Author Topic: Recommendations Low Risk and High Returns  (Read 3533 times)

Greystache

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Recommendations Low Risk and High Returns
« on: December 17, 2015, 07:43:26 AM »
I have too much money in cash and am looking to put about $20K to work in something that is low risk and with high returns.  My income is around $50K per year (pension payment).  I also have $ 1.2M invested (60% stocks/40% bonds) in low expense Vanguard Mutual funds. Historically, these have returned around 7%. As you can see, I am somewhat risk averse.
Here is how I plan to invest my excess cash:
1. Solar Prepaid Lease. I spend $10K up front and get savings of at least $1200 per year for 20 years.  As electricity prices rise, so do my savings, so the $1,200 annual figure is adjusted for inflation. I can then invest some or all of these savings in something else.  Plus I get to be one of those smug solar guys who is saving the planet.
2. Max out my HSA.  My wife and I can each contribute $3,800 for a total of $7,600.  This reduces my MAGI and which reduces my tax bill and increases my ACA subsidy. Together this should save me over a thousand dollars this year.
Does anyone have any better ideas for relatively risk free investments with a high rate of return?

Financial.Velociraptor

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Re: Recommendations Low Risk and High Returns
« Reply #1 on: December 17, 2015, 09:41:50 AM »
My idea and your idea of "low risk" and "high return" may not be the same.  But I'll take a stab anyway.

For surplus cash that needs to be 'safe', 'liquid', and 'performing', I like closed end municipal bond funds.  I'm in IIM, IQI, NEA, and NIO.  I earn a little better than 6%, tax exempt, on the average across the positions.  I also hold some JPS which is a closed end fund invested in preferred shares.  Yields 7.8% at today's price.  I got in a little better and earn a little over 8% on my shares so maybe try a stink bid good till canceled order to see if you can catch a break.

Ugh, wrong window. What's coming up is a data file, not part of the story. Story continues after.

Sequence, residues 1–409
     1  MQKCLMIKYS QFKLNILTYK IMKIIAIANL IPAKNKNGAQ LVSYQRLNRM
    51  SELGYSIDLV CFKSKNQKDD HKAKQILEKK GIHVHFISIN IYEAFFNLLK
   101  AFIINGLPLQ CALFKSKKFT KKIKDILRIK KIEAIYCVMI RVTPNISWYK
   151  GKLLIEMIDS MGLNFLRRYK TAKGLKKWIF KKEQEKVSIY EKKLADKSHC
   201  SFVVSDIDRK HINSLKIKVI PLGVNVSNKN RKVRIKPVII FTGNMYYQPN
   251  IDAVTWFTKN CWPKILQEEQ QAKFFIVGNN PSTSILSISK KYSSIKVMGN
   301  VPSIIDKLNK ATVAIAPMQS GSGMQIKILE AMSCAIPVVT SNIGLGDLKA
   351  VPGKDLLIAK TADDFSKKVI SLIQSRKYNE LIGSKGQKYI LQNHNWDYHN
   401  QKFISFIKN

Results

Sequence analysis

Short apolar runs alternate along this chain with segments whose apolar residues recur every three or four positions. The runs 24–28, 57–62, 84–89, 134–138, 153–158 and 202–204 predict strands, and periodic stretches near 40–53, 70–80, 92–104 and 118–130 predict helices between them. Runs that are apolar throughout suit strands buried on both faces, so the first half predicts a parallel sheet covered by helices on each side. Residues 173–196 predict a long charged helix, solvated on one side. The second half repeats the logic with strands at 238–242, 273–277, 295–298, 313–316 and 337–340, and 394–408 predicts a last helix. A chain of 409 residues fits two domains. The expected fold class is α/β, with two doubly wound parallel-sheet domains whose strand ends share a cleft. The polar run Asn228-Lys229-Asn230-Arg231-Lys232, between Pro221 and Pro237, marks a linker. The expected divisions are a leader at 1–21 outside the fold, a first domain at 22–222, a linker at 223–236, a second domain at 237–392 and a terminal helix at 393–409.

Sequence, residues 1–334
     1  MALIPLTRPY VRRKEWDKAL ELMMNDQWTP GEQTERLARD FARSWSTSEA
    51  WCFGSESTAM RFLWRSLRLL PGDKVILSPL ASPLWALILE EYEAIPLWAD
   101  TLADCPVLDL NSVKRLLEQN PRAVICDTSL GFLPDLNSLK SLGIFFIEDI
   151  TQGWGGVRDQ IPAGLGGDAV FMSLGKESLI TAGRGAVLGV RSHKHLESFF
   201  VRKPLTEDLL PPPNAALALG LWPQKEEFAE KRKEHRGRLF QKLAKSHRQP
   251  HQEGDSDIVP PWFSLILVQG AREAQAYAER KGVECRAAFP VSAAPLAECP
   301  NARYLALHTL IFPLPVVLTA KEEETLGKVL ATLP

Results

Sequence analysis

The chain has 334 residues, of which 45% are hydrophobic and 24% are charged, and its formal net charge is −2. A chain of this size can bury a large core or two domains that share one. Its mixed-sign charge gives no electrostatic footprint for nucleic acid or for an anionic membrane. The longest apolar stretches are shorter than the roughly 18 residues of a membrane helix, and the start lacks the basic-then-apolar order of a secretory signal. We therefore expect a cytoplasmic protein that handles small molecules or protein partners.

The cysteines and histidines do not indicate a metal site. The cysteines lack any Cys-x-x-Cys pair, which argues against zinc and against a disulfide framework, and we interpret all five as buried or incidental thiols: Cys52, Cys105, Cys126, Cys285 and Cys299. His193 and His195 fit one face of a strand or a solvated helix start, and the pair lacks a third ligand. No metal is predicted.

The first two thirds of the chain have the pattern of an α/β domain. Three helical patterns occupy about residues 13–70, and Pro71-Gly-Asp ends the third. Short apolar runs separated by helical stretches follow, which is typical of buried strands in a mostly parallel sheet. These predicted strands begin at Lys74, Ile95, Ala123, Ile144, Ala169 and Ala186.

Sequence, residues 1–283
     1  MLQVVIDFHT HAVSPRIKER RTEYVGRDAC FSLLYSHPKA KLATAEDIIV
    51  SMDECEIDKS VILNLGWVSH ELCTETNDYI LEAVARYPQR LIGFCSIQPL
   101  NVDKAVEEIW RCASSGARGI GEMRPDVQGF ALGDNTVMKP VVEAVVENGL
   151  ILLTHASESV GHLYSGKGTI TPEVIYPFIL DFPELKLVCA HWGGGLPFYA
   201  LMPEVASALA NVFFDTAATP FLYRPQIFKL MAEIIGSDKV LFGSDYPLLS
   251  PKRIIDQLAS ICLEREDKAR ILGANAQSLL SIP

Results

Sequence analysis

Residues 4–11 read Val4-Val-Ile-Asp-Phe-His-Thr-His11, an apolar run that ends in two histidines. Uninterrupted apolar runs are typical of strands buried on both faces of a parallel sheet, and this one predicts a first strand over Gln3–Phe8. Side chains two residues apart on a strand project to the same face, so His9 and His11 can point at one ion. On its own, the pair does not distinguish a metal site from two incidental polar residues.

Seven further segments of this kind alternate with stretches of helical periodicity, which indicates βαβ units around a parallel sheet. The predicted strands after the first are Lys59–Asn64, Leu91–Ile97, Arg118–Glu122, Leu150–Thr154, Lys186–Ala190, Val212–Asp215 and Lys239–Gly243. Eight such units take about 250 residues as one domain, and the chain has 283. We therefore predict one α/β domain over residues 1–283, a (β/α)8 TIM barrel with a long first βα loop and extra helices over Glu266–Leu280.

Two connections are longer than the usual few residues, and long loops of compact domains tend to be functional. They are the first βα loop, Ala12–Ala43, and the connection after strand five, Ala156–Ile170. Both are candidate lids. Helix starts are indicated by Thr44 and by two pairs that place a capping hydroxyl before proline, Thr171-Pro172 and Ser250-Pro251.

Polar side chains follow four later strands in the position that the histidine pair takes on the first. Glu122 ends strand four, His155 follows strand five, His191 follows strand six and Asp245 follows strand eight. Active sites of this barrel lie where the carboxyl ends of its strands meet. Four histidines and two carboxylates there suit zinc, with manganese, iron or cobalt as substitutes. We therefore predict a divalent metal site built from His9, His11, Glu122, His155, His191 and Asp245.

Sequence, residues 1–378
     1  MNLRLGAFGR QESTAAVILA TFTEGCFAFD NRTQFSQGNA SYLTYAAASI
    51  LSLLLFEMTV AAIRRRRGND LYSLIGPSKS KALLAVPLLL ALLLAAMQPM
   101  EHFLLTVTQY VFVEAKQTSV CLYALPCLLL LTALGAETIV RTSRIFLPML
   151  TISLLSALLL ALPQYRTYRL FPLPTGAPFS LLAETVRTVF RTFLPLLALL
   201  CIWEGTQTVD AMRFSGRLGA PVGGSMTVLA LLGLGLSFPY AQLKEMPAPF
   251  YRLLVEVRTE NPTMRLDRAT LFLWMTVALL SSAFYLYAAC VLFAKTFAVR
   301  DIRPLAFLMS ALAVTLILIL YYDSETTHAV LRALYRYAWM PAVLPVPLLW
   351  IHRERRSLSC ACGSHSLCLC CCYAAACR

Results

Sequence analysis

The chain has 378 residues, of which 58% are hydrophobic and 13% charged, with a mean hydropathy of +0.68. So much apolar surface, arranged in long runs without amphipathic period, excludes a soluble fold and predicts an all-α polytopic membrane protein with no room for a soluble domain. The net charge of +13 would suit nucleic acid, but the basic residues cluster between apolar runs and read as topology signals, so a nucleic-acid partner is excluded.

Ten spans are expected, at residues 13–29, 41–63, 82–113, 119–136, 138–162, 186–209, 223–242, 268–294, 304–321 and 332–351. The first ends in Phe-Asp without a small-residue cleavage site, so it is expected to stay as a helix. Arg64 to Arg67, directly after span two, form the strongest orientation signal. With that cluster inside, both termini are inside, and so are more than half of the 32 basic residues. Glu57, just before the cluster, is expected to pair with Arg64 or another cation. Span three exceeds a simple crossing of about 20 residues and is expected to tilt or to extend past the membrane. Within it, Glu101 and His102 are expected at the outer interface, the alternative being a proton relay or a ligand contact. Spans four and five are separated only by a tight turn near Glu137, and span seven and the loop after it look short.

My focus here is more on the "safe" than "high return" so YMMV.

Mighty-Dollar

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Re: Recommendations Low Risk and High Returns
« Reply #2 on: December 18, 2015, 02:39:15 AM »
I have too much money in cash and am looking to put about $20K to work in something that is low risk and with high returns.
There is no such thing as low risk and high returns. The two are opposites.
I would invest in a stock index fund and a bond index fund. If you want more risk then invest more in the stock index fund. If you want less risk the go more on the bond side.

Financial.Velociraptor

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Re: Recommendations Low Risk and High Returns
« Reply #3 on: December 18, 2015, 08:27:04 AM »
A 8% return on tax free munis in the current market is not sustainable.  These closed funds are either using leverage or are heavily investing in sub investment grade paper like Puerto Rico or something.  Historically, falling rates gave some good gains, but that ride is nearing an end.  Either way, these do not sound as low risk as OP is seeking.

1% online savings accounts is safe.  Solar is a good deal, especially if subsidized, but we bought.  I like owning the assets and having utilities guaranteeing the rate to me directly.

I suppose this is a nit but I wanted to clarify since my post was clearly misunderstood.  The 8% return is on taxable preferreds (JPS), an entirely different asset class.  Not risk free but still a very boring asset class. 

The muni CEFs all use between 30-40% leverage (reasonable, I think, on a low beta asset class) and yield about 6% tax free.  So the underlying are running about 4.5% nominally, right about ballpark for investment grade munis.  These funds (IIM, IQI, NEA, NIO) are not barn burners.

Mighty-Dollar

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Re: Recommendations Low Risk and High Returns